This being so, the over riding factor for these politicians is getting the vote out within their own community, a political program that improves the lives of all those they represent comes a distant second on their list of priorities. Thus it is hardly surprising that one in nine people in the North have their very own ‘community activist’ funded from the public purse. These people go under a variety of names and titles and some even serve their communities well. However as far as the Stormont politicians are concerned, they have only one real task, and it is to get the communal vote out on election day.

As there is no opposition within Stormont the local administration is never called to account in a parliamentary forum. Parliamentary committees operate at Stormont but they are a sham, as almost all of there members belong to the governing parties. The leading politicians at Stormont divide what spoils there are, favoring loyal aides and cronies with positions within Stormont or their constituencies, where they often work in the most sectarian way by stoking up differences and pork barreling the constituencies on the cheap. New schools, hospitals, policing, etc are not in their remit as London has the final say on such things, so they keep their supporters happy by pushing sweeteners there way, often financed out of Peace Process funding or central government regeneration projects and of course that old chestnut smoothing the way for planning applications, hence the glut of community workers in the north and an open season for new builds. These supporters repay this largess, as I have already said by getting the vote out on election day and between elections they are often used to smear their politicians opponents and to keep their man’s constituency clear of oppositional forces.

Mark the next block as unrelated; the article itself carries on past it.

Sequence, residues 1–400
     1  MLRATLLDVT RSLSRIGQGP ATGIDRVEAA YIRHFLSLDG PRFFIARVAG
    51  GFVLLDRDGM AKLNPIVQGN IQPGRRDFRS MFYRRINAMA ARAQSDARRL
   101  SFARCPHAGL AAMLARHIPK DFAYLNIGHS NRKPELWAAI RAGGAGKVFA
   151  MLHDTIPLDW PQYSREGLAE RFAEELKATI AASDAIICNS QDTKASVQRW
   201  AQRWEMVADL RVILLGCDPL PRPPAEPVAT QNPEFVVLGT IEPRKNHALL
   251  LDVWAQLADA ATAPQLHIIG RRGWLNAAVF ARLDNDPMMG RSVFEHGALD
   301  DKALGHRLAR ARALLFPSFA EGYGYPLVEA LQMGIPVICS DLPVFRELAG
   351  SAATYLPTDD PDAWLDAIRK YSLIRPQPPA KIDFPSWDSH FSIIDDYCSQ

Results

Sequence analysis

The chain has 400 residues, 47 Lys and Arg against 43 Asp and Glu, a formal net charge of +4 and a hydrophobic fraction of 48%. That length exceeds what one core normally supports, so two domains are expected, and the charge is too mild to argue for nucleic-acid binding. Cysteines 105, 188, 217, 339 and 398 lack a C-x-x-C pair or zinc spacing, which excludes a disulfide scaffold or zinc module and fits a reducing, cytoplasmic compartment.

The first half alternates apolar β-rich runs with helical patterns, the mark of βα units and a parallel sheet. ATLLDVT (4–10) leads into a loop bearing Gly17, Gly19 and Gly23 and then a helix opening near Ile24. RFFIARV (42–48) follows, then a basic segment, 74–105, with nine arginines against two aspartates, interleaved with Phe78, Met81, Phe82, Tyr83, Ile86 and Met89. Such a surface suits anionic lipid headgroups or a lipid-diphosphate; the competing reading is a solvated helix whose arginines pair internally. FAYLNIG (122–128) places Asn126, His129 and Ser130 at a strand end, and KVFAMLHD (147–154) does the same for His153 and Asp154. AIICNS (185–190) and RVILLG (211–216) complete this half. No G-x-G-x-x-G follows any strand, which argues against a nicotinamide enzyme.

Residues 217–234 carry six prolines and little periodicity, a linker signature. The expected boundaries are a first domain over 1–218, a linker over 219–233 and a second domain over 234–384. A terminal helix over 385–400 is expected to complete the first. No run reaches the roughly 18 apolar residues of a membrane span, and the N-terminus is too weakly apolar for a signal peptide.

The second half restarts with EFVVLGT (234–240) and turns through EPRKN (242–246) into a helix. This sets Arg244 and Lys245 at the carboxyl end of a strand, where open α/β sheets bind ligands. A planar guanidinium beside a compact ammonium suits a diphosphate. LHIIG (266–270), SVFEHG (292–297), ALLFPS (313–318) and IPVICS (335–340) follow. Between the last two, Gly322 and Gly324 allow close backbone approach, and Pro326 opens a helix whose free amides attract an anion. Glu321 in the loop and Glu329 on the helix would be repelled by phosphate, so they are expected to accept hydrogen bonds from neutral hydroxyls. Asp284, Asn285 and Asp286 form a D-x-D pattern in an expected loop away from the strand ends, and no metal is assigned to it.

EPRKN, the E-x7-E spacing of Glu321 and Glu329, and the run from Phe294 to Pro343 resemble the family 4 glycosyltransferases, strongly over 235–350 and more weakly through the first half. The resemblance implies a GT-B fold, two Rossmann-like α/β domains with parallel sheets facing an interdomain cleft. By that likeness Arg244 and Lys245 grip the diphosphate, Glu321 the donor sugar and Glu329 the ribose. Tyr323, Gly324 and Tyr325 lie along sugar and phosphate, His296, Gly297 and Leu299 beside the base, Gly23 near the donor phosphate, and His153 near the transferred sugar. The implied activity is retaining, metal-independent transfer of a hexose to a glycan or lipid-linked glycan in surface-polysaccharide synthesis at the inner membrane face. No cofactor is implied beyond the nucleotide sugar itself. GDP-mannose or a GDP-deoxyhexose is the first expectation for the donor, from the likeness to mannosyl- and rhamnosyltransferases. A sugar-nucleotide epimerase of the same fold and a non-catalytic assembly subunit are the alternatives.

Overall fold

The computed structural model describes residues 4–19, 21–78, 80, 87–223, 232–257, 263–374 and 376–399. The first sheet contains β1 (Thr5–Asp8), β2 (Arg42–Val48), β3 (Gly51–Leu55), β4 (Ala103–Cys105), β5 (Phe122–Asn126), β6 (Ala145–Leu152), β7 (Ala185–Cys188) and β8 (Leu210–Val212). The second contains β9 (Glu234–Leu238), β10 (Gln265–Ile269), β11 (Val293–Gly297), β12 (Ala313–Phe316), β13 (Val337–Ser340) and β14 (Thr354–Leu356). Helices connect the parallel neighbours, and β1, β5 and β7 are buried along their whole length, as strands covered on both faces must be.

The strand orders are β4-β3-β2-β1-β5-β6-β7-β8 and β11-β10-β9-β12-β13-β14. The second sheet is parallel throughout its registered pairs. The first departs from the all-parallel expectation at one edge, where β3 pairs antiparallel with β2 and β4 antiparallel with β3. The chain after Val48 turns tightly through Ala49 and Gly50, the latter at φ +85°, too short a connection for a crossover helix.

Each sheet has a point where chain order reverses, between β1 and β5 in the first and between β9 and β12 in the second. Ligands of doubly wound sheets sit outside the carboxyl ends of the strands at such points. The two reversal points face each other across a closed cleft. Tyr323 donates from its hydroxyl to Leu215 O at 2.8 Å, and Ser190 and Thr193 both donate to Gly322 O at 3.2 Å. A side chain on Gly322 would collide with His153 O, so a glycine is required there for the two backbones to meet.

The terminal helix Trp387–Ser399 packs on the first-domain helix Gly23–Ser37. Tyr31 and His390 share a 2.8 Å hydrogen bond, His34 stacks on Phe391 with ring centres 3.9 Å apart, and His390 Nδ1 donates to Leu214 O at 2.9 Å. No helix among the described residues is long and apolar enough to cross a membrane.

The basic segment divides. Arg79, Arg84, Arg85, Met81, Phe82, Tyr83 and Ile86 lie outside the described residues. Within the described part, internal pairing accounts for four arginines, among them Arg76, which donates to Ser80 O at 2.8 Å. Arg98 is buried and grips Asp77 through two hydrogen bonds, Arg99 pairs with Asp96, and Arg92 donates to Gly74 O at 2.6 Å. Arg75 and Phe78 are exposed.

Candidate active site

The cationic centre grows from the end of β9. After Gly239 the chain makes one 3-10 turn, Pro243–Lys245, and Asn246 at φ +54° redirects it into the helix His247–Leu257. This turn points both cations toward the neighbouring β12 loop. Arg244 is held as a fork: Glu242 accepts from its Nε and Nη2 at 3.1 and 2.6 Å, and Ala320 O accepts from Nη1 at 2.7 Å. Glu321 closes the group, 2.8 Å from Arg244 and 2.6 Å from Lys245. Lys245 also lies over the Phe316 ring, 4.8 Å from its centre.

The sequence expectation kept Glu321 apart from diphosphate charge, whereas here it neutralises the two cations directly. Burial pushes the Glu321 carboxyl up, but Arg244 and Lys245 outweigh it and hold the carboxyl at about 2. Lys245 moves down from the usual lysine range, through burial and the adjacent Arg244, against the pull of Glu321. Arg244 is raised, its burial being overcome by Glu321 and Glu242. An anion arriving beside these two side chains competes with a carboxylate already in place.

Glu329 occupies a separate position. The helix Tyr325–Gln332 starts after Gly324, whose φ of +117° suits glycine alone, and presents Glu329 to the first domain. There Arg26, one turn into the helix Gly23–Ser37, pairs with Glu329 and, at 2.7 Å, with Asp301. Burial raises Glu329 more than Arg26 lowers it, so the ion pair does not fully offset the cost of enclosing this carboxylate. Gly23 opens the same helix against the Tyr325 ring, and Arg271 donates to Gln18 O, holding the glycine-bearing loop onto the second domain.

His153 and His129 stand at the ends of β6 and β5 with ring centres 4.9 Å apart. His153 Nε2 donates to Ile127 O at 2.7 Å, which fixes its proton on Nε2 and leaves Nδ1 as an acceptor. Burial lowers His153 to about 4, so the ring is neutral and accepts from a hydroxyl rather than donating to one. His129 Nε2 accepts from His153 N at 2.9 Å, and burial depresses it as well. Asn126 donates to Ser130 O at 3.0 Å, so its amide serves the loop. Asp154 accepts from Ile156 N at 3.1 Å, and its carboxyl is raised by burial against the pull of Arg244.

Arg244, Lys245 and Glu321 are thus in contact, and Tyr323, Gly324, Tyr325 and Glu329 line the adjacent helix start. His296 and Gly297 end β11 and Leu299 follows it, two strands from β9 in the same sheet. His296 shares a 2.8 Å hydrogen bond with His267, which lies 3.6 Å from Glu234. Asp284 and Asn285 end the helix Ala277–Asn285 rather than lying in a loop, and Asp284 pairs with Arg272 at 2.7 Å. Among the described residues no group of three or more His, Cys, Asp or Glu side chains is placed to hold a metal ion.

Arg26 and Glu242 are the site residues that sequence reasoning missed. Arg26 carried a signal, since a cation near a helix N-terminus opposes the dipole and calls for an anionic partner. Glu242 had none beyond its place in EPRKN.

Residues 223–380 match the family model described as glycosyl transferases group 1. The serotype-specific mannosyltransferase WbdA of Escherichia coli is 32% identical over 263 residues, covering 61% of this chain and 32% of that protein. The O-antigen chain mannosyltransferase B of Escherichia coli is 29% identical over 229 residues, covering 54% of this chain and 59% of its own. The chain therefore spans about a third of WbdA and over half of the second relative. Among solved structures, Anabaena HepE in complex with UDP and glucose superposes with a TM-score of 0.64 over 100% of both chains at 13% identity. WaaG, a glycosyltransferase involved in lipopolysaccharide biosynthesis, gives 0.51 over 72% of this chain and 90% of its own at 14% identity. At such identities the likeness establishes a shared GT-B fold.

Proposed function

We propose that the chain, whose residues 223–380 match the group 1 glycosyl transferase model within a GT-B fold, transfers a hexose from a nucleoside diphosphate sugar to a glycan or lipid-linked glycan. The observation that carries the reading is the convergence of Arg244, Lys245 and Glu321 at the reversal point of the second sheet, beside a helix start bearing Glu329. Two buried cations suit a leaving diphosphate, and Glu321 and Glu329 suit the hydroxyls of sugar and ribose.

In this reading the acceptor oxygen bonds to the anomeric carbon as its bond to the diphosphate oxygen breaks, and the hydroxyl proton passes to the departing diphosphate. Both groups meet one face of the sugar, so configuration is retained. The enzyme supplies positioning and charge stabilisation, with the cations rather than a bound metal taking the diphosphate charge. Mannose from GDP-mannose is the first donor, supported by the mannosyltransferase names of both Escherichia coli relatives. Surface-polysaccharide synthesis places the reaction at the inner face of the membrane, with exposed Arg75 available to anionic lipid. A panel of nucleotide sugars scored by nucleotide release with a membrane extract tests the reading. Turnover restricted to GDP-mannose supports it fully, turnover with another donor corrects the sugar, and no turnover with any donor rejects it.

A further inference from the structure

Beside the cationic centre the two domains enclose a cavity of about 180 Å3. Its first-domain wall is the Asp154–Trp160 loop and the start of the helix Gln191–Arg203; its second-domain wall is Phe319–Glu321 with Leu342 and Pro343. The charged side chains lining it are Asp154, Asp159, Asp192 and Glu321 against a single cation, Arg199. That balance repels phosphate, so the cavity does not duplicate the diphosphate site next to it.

The end result of all this is whereas in the past the north of Ireland was a sectarian swamp in which the Protestants held sway at the expense of the Catholics, today it is becoming a sectarian swamp where the politicians hold sway at the expense of the population as a whole.

The GFA and the St Andrews accords, have out lasted any usefulness they may have once had, and if anything have become the main blockage which prevents the North from moving away from its sectarian past. If the last ten years has taught us anything it is due to the terms of the GFA/StAA, a vigorous multi party democracy can never emerge from within Stormont. It is time for the Stormont Assemble and Administration to be stood down and the Stormont building decommissioned. To be replaced by a new purpose built regional parliament, which has none of the sectarian baggage and trappings of Stormont and in which a fully democratic regional Administration might emerge; and before someone attempts to slap down the suggestion on the grounds of cost, the UK State was willing to waste millions of pounds to build a new regional headquarters for MI5 in the North, which is used to spy on the population of the UK and Ireland, so the very least they could do after decades of misrule is to provide a new parliament to replace the sectarian edifice at Stormont, or are the people of the north less worthy than the Scot and Welsh? The model of the Scottish and Catalan Parliament’s (Parliament de Catalunya) are there to be drawn from, as both seem to work well and the one thing one can say about the politicians who are members of these parliamentary assemblies, is they are not in hock to London or Madrid, but masters of their own house.


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Filed under Democracy/Elections/democratic accountability/organized, north of Ireland-Polıtıcs, parliamentary-democracy